Pianist and composer, Ethan Nanev started his enduring venture into the music world back in his home country of Bulgaria. He fell in love with music and began piano lessons at an early age. Being a skilled and dedicated musician, Ethan quickly earned the status of a young virtuoso, and in 1999 he made his soloist debut performing with the National Conservatory Orchestra. The success of his performances manifested his first interview and live performance via broadcast on Classic FM radio. Later that year, Ethan and his family immigrated to the United States where he continued to advance his education at Mannes College of Music, winning a full scholarship under the guidance of Pavlina Dokovska.
In 2001, Mr. Nanev made his U.S. debut as a soloist performing with Mannes Preparatory Division Orchestra. Upon his entering the Bachelor’s program, Ethan had the privilege to attend a master class with Eteri Anjaparidze and Jean-Yves Thibaudet. Further, he received an Honorable Mention Award at Five Towns Competition in Long Island, New York.
Ethan made his Carnegie Hall debut in 2006 and later took part in numerous music festivals; Fontainebleau France, Viana do Castelo in Portugal and Music Academy of the West in Santa Barbara. Additionally, Ethan participated in numerous master classes given by Jerome Lowenthal, Gilbert Kalish, and Joseph Kalichstein. Some of his concert venue highlights include Chateau de Fontainebleau in France, Steinway Hall, Yamaha Hall, Miranda Hall, Paris Conservatory, and The Kosciuszko Foundation in New York City.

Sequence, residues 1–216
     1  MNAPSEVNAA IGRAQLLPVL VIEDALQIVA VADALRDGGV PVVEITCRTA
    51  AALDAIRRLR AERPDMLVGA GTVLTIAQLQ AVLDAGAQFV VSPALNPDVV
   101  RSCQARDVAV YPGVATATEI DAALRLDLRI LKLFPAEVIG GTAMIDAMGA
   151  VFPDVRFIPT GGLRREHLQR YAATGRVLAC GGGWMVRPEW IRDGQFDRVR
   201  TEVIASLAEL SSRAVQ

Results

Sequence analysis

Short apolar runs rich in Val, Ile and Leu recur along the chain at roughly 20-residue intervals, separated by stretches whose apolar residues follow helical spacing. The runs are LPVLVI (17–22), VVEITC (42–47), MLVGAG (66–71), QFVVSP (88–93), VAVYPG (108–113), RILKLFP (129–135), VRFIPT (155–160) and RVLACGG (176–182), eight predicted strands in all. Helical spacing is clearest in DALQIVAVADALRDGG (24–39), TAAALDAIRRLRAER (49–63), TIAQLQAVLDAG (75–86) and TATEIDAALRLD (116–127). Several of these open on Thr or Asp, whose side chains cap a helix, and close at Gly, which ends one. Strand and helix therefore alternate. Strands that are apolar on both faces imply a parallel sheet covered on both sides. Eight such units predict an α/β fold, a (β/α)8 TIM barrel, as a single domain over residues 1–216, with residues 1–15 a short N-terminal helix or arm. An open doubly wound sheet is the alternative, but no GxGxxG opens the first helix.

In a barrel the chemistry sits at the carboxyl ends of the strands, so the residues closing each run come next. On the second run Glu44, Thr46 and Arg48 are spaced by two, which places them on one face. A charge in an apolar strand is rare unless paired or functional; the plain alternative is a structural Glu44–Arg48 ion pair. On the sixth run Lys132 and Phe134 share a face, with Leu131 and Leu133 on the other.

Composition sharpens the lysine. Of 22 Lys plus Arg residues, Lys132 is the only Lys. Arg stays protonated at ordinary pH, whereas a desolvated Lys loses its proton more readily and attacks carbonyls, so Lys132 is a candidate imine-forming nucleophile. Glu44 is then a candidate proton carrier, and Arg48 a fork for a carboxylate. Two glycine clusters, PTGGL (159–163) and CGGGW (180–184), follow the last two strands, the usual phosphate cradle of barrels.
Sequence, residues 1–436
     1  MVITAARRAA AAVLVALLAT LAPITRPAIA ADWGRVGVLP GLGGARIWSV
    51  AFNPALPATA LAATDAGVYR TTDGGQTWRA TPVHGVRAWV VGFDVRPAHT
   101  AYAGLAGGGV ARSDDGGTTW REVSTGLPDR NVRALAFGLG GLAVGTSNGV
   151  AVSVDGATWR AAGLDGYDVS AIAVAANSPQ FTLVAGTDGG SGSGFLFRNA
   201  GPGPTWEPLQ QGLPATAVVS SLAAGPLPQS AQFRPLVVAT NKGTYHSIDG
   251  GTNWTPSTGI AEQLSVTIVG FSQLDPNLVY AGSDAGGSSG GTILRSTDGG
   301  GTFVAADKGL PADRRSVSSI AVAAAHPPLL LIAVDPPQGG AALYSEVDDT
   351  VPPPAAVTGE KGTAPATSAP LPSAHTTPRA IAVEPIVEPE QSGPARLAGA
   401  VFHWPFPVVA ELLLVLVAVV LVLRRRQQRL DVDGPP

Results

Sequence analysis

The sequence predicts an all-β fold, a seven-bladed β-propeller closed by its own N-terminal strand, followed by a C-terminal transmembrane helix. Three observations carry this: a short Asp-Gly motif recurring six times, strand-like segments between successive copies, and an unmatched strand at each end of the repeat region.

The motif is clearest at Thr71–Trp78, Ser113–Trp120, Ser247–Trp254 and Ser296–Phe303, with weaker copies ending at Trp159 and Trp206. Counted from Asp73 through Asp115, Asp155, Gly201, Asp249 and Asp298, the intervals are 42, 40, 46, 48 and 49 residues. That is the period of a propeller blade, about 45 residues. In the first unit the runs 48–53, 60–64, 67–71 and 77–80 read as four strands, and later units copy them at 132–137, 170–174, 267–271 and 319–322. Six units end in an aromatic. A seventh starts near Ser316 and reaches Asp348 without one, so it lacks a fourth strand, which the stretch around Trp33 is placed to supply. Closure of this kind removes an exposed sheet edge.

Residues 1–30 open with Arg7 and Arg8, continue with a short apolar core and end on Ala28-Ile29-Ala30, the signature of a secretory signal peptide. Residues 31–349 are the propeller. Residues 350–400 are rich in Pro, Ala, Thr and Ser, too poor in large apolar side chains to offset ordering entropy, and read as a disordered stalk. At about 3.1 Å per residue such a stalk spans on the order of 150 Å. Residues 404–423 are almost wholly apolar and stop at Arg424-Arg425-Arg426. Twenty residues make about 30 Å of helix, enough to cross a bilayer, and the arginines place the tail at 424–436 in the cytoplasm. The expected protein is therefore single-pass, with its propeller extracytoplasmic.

In 2010, Ethan decided that he needed to expand his performing and compositional skills in Manhattan School of Music, where he was accepted as a doctoral student. Throughout the diverse course of this program, Ethan was provided with an opportunity to collaborate with Columbia University Film students and apply his unique music style into the composing and recording of original film scores, while still performing and composing music for commercial release, as a published composer.
In 2017, Ethan moved to Los Angeles where he was due to complete his ten years of ground-breaking doctoral research. His theory was one of the first to suggest that Biomechanical Kinesiology and Neuroplasticity play a critical role in playing the piano. Ethan’s life-long fascination with the legendary Argentinian pianist Martha Argerich resulted in the first ever to be written analysis of a living legend’s performance technique in the music history.